Kendra Scott Sues Evereve Over Similar Mark

Austin, Texas–based Kendra Scott is suing Minneapolis retail chain Evereve over its use of a jewelry design that it claims is too close for comfort to its famed its Medallion mark (shown, right).

According to a complaint filed by Kendra Scott Inc. in Western Texas federal court on Oct. 12, the Evereve mark (shown below) is “highly similar” to the well-known Scott logo, causing customer confusion.

Evereve lawsuit

“Defendant uses the Evereve Mark in connection with retail stores located in close proximity to Kendra Scott’s stores, often in the same shopping center,” the legal papers say.

The two sides have locked horns over their respective marks before. According to the court documents, in January they came to a settlement which stipulated that Evereve would not use its mark “in connection with jewelry.”

“Kendra Scott provided adequate compensation for this agreement,” the papers say.

Since then, the complaint alleges, Evereve has used the mark in connection with jewelry, which Kendra Scott calls “a material breach” of the two sides’ deal.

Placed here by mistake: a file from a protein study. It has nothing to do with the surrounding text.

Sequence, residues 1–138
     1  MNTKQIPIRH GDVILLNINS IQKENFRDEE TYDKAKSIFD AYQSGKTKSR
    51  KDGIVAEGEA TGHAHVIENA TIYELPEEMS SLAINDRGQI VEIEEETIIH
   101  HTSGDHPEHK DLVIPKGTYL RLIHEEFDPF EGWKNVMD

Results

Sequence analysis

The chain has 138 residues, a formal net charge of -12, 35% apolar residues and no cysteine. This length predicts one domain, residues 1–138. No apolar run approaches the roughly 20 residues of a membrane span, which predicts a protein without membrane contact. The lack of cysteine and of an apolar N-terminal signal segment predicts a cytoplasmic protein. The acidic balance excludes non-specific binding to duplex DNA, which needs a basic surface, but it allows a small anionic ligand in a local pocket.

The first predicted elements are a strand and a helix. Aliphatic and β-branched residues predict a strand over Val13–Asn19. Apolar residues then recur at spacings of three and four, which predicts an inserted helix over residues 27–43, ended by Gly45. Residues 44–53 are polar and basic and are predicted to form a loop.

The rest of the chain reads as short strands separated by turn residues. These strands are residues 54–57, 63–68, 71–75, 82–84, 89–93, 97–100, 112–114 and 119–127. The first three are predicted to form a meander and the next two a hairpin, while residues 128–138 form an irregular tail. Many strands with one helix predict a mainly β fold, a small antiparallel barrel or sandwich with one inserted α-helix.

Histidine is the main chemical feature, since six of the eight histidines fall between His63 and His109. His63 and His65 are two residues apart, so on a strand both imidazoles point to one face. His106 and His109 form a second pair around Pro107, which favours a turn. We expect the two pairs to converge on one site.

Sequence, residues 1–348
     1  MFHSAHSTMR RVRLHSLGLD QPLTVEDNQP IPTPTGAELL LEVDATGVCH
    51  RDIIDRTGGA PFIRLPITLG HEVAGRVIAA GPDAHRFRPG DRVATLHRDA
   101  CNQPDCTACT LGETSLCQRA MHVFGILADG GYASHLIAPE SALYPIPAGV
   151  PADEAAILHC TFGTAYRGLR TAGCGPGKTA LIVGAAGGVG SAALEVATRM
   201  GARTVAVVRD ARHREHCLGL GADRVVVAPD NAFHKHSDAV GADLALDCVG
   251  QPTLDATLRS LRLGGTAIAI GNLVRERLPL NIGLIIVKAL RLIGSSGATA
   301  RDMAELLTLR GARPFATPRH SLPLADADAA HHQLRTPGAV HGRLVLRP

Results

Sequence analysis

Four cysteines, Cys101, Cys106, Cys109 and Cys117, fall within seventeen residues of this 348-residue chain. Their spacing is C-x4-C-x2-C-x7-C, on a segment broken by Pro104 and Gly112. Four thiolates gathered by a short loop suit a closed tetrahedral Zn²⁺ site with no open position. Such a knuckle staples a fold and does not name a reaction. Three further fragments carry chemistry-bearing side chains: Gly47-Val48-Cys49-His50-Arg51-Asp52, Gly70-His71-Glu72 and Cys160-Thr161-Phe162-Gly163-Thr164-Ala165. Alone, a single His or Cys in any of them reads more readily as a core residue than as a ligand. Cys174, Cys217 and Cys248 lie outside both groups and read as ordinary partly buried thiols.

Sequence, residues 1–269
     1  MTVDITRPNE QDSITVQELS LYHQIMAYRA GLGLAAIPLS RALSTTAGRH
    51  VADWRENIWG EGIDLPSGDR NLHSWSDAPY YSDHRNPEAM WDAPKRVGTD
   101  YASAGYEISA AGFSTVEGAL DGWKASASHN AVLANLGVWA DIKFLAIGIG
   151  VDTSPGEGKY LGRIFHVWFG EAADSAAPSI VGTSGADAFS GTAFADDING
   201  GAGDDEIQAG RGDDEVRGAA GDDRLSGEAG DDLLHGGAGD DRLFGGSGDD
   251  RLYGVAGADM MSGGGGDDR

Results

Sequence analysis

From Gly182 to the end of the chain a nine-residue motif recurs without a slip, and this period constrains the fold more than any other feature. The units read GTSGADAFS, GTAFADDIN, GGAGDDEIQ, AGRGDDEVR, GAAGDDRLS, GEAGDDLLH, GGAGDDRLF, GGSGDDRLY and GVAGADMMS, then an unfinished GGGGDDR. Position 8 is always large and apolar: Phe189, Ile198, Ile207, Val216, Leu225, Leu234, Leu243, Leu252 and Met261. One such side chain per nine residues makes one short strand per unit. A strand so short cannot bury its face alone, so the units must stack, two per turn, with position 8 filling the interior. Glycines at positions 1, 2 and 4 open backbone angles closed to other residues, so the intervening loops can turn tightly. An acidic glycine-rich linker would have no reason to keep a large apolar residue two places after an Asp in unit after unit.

Evereve could not be reached for comment.

Both Kendra Scott and Evereve are fairly recent success stories that boast about their humble origins. Evereve was cofounded in 2004 by a stay-at-home mom as a “fashion authority for moms.” It now has 80 stores.

Kendra Scott was founded from its namesake’s bedroom in 2002. Her jewelry is now available at 1,120 third-party retailers worldwide, as well as 69 Kendra Scott stores.

(Images from court papers)

 

JCK News Director


  • etienne@etienneperret.com

    From my experience with the US Trademark office one or both of these parties have not submitted their logos for approval by the trademark office.

  • …silly

  • Manos Phoundoulakis
  • Missing_Aria

    Both companies were established around the same time but, given that Evereve opened it’s first store 6 years before Kendra Scott, I’m willing to bet it’s just a coincidence. For that matter the logo is a motif that’s been used in jewelry for ages, the company I work for has used something very similar since the 40s (as I’m sure many jewelers have). I would very much like to see Kendra Scott try to win this war with every jeweler who uses a similar logo.